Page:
When do you need a new daily routine?
If you feel your family doesn’t spend enough time together having fun or family life isn’t running smoothly, a new routine might help.
A new routine can be useful for hectic and stressful times of the day. For example, you might need a new routine to help your family get ready for school and work.
A new routine might also help if something is regularly causing conflict in your family. This could be when you’re going shopping, or when the children fight over whose turn it is to feed the dog.
If you’re constantly asking or nagging other people to do things, or you’re getting frustrated and angry, this might also be a sign that you need a new daily routine. For example, a new routine can encourage children to complete chores, practise instruments or do homework.
Routines are particularly useful when you’re trying to help family members develop new habits, like good hygiene.
As your children grow and develop or you change jobs, you might want to revise your routines or create new ones to take these changes into account.
Thinking about a new routine
Here are things to think about if you’re working on new daily routines for your family.
It’s good to start by talking about new routines with your partner before talking about them with your children. This way you can make sure you both agree and understand what your goals are.
By the time children are about five years old, you can get their help with new routines. It’s especially good for teenagers to have a say in their own daily routines – for example, routines for doing homework and spending time with friends.
Routines need to meet the everyday needs of individual family members, but they also need to meet more long-term goals. For example, if having regular quality family time is an important long-term goal in your family, try to have routines that help you achieve this goal.
Changes in family life
It helps to have routines you can adapt as things change. For example, as children grow they can take on more responsibility for things like getting themselves dressed for school.
A new routine could also be part of an old one. For example, if your child needs to take a new medicine, you could add this to your child’s routine, just before brushing teeth.
Successful routines often build on family strengths, so you can think about what your family members are good at and work these strengths into the routine. For example, if one child is better at getting up early, that child could have the first turn in the bathroom.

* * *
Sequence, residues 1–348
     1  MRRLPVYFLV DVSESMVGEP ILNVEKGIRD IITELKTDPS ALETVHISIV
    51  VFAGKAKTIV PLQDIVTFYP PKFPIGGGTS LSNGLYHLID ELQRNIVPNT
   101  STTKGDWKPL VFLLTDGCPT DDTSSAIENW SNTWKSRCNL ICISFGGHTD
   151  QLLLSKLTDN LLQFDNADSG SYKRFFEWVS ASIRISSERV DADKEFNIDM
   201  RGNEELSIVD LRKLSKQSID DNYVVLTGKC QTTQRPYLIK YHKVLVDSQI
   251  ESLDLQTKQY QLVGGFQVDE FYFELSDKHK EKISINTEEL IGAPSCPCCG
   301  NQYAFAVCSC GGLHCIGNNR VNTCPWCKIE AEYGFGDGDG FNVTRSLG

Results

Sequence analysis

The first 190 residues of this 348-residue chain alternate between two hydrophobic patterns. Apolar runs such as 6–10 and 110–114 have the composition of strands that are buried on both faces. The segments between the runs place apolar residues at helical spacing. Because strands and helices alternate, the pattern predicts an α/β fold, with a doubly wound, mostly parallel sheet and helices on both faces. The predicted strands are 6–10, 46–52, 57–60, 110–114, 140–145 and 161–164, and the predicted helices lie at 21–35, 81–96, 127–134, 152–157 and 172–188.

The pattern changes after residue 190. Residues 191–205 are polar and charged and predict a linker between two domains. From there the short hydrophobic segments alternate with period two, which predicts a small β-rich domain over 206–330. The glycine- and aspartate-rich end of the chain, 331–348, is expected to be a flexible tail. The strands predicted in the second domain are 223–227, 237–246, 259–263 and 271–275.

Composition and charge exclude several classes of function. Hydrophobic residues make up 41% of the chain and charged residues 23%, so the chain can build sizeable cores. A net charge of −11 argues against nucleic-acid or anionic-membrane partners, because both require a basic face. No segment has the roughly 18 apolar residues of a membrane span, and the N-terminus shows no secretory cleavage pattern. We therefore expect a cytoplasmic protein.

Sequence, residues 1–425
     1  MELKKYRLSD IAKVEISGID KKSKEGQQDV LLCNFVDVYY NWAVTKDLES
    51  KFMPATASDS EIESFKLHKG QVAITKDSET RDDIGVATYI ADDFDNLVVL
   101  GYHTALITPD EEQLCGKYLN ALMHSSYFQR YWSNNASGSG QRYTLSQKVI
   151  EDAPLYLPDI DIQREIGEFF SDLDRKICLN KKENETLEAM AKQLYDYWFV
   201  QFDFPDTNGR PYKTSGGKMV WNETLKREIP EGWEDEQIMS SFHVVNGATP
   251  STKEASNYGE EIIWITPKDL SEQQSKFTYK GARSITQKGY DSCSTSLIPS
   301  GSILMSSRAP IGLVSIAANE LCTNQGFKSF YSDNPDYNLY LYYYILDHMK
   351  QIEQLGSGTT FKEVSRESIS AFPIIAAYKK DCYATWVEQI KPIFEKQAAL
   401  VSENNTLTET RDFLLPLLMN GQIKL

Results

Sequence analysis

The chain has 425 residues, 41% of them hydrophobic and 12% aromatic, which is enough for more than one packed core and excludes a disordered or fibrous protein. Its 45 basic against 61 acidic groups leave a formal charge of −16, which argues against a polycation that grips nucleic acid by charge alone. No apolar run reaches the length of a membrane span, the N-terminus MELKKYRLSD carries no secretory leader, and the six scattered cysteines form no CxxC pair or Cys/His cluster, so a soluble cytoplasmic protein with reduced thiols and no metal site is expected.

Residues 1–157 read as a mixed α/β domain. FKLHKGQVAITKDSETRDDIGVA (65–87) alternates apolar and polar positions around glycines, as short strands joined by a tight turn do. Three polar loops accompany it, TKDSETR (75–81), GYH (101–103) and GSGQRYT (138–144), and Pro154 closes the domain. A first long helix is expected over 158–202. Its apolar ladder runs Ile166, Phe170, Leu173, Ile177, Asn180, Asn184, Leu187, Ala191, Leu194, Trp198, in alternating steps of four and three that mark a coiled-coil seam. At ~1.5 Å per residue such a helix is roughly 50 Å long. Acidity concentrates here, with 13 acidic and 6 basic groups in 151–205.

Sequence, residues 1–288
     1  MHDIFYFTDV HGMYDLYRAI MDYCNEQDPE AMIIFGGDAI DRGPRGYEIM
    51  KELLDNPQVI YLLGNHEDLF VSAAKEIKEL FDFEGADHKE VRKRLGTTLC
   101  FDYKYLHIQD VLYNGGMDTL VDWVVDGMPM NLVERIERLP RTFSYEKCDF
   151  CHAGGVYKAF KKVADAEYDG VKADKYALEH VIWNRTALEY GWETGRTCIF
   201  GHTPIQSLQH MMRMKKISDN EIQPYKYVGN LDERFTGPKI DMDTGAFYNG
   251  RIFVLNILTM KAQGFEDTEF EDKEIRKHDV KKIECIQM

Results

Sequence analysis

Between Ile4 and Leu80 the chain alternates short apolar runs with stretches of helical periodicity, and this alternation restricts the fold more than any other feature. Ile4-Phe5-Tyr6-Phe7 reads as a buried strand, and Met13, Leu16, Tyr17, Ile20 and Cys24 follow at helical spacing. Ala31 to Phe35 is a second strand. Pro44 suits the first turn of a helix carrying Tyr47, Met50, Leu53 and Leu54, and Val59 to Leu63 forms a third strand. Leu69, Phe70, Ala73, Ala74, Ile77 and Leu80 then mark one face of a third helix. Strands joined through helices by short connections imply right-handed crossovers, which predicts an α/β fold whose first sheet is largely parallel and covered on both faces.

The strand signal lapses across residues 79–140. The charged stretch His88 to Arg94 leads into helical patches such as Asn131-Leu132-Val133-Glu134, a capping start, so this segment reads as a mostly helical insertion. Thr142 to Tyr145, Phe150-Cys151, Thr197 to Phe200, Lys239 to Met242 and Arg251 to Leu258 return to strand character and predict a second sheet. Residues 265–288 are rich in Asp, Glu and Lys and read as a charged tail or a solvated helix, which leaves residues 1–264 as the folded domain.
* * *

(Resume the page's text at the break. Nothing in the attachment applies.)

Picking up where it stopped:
Building fun or play into a routine can help it run smoothly. For example, you could make your morning routine into a game, and your child could earn rewards for getting ready on time.
Age and ability
Routines work well if they’re suited to your children’s ages and abilities. For example, your preschooler might help with the evening routine by carrying cutlery to the dishwasher, while your older child helps by loading the dishwasher.
If you’re setting up a new routine, you might need to remind family members about it until everyone gets used to it.
You can also use prompts to remind your child of the routine. For example, the end of a TV show can mark the start of a bedtime routine. Or an older child could use an alarm clock to get up in the morning. Simple lists can be good reminders if you put them where everyone can see them. Young children could make a picture book showing the family routine.
It takes time to overcome old habits and learn new ways of behaving, so you’ll need to give your new routine time to work.
If your children aren’t happy about changes to a routine, try making smaller changes over time rather than one big change. Celebrate effort, cooperation and success by giving your children praise or even rewards until the routine becomes part of what they regularly do.
How to design a new routine: steps
These steps can help when you’re designing a new routine.
1. Work out a goal
The goal of a new morning routine might be that your child is ready for school by 8.30 am – dressed, shoes on, had breakfast, teeth and hair brushed, and school bag packed with everything they need for the day.
2. List the individual steps in the order they need to happen
The steps for a new morning routine might be:
- 7 am – get up.
- 7.15-7.45 am – have breakfast and put plates in sink.
- 7.45-8 am – clean teeth, brush hair, put on sunscreen.
- 8-8.15 am – put on school uniform, socks and shoes.
- 8.15-8.30 am – pack school bag with lunch, books and so on.
This step involves working out the timing of the routine. How much time does each step take? What time will you need to start so you can get everything done and allow time for the unexpected?
3. Work out what your child can do independently and what you’ll need to help with
For example, you might need or like to get your child’s breakfast, but perhaps you can teach your child how to get dressed.
4. Think about ways of setting up the routine for success
This is about making sure everyone knows what they’re expected to do in the routine. You might also need to remove distractions. For example, if your child gets distracted by their phone in the morning, the phone could stay in a family area until your child is ready for school.
5. Consider any new family rules
If you make some simple, clear rules about the kind of behaviour you expect, it will help your child know what to do. For example, you might have a rule about sitting at the table to eat breakfast.
6. Try to build in time for talking or fun
For example, if you allow 30 minutes for breakfast, you might have time to eat with your children and have a chat.
7. Talk through the steps of the routine
Before you put a new routine into action, talk everyone through the steps of the routine. Be prepared to do this more than once until it’s clear for the whole family.